MotoMatters.com is delighted to feature the work of iconic MotoGP writer Mat Oxley. Oxley is a former racer, TT winner and highly respected author of biographies of world champions Mick Doohan and Valentino Rossi, and currently writes for Motor Sport Magazine, where he is MotoGP correspondent. We are featuring sections from Oxley's blogs, which are posted in full on the Motor Sport Magazine website.
Dovizioso joining Aprilia would be like a KGB agent joining the CIA*
Aprilia is ready to do great things in MotoGP and will do even better if it can acquire Andrea Dovizioso’s priceless 90-degree V4 intelligence
Aprilia has been the butt of many a MotoGP fan’s joke in recent years because the Noale factory has finished last in the MotoGP constructors champion every year since the launch of the RS-GP in 2015.
The RS-GP is the perennial underperformer. Even last year’s all-new bike with all-new 90-degree V4 engine didn’t seem to change much – the 2020 RS-GP’s best finish was an eighth place at the season-ending Portuguese GP
However, strange as it may seem, results aren’t the best way to analyse a machine’s performance, at least until you’re fighting for wins. The best way to analyse how well a bike is performing is by measuring the gap to the race winner. Anyone who bothered to do that last season will have noticed that the 2020 Aprilia was in fact a huge step forward.
At Brno 2019, Aleix Espargaró finished 37 seconds behind the winner; last year he crossed the line just 15 seconds down. At Misano 2019 he finished the race 34 seconds back; last year that gap was reduced to 15 seconds. And at Valencia 2020, where he completed the 2019 race 33 seconds behind the winner, he took the chequered flag once again 15 seconds down. And both Misano 2020 and Valencia 2020 were faster than they were in 2019.
Fifteen seconds over a race distance is a deficit of around six-tenths per lap, which is still quite a gap to bridge in an era when most MotoGP races are won and lost by a couple of seconds, but Aprilia might’ve got a lot closer but for Covid-19.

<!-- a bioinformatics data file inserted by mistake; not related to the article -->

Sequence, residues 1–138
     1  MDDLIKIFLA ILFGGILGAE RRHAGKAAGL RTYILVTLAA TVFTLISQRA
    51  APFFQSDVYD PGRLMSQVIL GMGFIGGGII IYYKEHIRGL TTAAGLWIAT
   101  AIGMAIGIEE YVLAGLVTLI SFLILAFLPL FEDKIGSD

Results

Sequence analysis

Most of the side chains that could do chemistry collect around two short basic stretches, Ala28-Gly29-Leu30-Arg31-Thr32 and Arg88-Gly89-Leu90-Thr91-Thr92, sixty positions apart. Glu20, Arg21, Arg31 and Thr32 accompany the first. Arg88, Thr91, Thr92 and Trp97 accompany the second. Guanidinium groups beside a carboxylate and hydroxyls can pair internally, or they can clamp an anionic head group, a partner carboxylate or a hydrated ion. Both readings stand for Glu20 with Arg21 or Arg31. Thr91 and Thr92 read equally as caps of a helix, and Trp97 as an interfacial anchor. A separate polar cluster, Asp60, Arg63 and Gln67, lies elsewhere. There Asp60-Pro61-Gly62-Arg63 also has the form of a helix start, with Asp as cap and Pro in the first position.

Aprilia was hurt much more by the pandemic than any other factory in MotoGP. Its engineers went into last season confident of getting better and better, because they knew they could upgrade their brand-new 90-degree V4 engine up to eight times during the season, thanks to MotoGP’s concession regulations, written to give struggling factories the chance to catch the front-runners.
Then Covid struck, so MotoGP wrote some emergency cost-cutting regulations, which banned everyone from upgrading their aero and banned the concessions factories from upgrading their engines.
Thus Aprilia had to run the entire season with a prototype engine that only made its track debut at the Sepang tests in February, just weeks before the first race. The RS-GP’s aero was also all wrong. Aprilia had started with relatively low-downforce aero for the season-opening Qatar GP, with the intention of using a high-downforce design at other circuits. After the upgrade ban the RS-GP was stuck with too little downforce, which caused problems with wheelies and thereby reduced acceleration.
Read the rest of Mat Oxley's blog on the Motor Sport Magazine website.